googlef87758e9b6df9bec.html A Sure Word: Watching an “old-earth” crumble

Thursday, December 6, 2007

Watching an “old-earth” crumble

The lynchpin of evolution is an old earth. The simple fact is this - if the earth were only 6,000 years old, there has not been enough time for anything to have evolved. Evolutionists, on the other hand, believe the earth is around 4.5 billion years old. How do they arrive at that conclusion? There are several methods evolutionists use to estimate the age of the earth and they all revolve around different processes. For example, uranium decays into lead at an observed rate. When a lab tests a sample of an unknown age, they can observe the present ratio of uranium/lead and calculate how long they believe it took for that ratio to be reached at the present rate of decay. There are several assumptions and certain limitations to this kind of dating which we’ll discuss in another blog.

There are hundreds of processes occurring right now that we could look at to estimate the age of the earth. The dirty secret that evolutionists won’t tell you is that many of them yield ages far too young for ToE to be true.

One process I’d like to discuss here is erosion. Erosion is observed all the time in the form of mudslides, rockslides, avalanches, floods, etc. Water and wind work together with gravity to wear down mountains, prairies, and beaches. It happens faster in some places than others, but it happens everywhere.

Here are a few facts about erosion:

> “The original Niagara Falls were near the sites of present-day Queenston, Ontario, and Lewiston, New York, but erosion of their crest has caused the waterfalls to retreat several miles southward.” (source Wikipedia )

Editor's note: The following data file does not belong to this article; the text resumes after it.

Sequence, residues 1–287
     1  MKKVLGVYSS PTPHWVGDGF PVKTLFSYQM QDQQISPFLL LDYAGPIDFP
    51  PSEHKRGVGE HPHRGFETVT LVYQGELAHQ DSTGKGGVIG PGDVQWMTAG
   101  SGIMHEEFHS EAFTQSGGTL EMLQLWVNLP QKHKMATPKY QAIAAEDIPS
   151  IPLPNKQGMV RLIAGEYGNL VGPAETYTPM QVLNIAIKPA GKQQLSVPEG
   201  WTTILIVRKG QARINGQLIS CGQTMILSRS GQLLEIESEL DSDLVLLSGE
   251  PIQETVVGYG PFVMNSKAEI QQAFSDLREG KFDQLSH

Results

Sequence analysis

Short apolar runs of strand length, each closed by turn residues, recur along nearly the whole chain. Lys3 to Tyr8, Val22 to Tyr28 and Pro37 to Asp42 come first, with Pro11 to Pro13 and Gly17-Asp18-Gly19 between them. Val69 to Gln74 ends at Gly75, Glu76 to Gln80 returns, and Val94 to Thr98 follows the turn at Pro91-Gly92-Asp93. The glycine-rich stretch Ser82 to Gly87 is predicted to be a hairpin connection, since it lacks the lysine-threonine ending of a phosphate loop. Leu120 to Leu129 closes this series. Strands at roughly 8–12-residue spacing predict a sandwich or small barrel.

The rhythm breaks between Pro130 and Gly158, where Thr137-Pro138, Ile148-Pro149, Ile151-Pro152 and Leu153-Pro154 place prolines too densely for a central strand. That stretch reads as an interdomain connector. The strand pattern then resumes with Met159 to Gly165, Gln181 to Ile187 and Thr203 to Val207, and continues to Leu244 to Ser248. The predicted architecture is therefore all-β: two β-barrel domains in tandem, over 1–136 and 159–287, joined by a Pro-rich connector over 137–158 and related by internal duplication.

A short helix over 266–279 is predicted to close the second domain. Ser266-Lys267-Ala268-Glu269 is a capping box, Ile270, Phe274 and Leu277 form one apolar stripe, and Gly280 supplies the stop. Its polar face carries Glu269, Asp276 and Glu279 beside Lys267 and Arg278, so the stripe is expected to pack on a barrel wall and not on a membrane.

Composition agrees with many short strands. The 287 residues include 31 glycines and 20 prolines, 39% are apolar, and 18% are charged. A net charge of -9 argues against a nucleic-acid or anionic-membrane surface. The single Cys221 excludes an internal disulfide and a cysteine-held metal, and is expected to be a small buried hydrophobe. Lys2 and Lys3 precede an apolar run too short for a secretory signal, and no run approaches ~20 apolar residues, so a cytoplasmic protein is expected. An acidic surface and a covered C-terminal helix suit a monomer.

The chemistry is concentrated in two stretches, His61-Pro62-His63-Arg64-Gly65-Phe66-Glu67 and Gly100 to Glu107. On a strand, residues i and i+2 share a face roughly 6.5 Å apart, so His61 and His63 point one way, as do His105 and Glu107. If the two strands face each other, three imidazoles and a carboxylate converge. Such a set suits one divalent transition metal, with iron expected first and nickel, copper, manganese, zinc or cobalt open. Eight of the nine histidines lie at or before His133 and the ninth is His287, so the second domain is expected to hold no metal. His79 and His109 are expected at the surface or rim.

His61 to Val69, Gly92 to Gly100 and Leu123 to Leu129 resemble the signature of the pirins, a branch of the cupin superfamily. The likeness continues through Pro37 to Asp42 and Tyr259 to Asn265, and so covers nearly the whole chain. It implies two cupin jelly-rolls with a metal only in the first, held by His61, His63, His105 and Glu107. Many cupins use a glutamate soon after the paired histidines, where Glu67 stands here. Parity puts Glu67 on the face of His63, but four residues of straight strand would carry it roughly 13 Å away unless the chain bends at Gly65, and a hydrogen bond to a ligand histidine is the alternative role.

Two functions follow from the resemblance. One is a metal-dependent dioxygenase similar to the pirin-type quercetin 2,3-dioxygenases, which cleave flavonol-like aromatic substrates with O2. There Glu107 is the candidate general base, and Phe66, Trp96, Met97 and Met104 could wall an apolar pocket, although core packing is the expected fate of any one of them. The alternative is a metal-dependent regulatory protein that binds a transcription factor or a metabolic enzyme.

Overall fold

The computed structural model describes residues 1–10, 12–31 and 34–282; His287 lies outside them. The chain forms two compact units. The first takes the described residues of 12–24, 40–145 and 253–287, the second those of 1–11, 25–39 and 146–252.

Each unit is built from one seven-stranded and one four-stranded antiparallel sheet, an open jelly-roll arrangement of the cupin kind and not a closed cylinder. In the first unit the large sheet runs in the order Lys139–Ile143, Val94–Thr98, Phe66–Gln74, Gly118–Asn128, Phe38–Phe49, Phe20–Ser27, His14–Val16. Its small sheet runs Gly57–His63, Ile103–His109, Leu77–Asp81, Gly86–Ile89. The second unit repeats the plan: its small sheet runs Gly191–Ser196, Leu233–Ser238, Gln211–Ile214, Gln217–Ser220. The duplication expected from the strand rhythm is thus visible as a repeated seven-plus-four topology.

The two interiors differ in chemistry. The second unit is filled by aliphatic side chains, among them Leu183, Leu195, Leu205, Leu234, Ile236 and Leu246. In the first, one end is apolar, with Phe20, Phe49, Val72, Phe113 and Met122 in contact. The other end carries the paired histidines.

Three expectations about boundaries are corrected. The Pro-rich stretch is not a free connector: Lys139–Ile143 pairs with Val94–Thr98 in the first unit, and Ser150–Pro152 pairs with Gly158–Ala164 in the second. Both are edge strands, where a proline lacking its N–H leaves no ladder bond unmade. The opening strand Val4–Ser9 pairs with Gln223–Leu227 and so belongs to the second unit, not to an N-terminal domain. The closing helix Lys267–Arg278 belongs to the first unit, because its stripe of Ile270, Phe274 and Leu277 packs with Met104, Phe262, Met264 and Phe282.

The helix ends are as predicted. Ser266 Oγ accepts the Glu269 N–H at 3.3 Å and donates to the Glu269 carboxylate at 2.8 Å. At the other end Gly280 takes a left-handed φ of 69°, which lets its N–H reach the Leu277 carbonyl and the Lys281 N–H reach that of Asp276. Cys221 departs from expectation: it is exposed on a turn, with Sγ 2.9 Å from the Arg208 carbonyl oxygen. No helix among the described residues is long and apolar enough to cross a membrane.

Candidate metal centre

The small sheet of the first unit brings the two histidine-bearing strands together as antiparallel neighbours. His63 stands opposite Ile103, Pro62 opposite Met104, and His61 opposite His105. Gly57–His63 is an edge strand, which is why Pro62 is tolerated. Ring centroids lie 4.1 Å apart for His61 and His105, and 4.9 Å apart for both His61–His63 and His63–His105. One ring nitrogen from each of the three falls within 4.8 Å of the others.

> “It has been estimated that the Mississippi River annually carries 406 million tons of sediment to the sea.” (source Wikipedia)

> “Cape Shoalwater, WA, about 70 miles west of Olympia, has been eroding at the rate of more than 100 ft. a year since the turn of the century; its sparsely settled sand dunes have retreated an astounding 12,000 ft., or more than two miles, since 1910.” (source Time)

Here’s the fatal blow to evolution: at the present, observed rate of erosion, the entire continent of North America would be worn down to sea level in only 10 million years!! If the earth were billions of years old, there should not be any continents left!

Now, there are other forces at play such as plate tectonics – formerly known as “continental drift”. When one plate meets another at a plate boundary, certain topographical features are created, such as mountains. So, even as mountains are worn away, new ones are pushed up. However, this doesn’t solve the problem. You see, some scientists claim they have fossils from these rock layers that are tens of millions or even hundreds of millions of years old. But how can that be true? If mountains are continuously pushed up and worn down, then all the rock layers are being replaced every 10 million years. How then can there be any fossil in them that is more than 10 million years old?

It should be pointed out that erosion only establishes an upper-limit to the age of the earth. It does not mean the earth is 10 million years old. Indeed, if the present rate of erosion has been occurring since Noah’s Flood, then the effect of erosion has been negligible.

So the next time you see a news story about mudslides in California or read about measures to combat shoreline erosion, you’ll know that you’re watching the idea of an old earth crumble!

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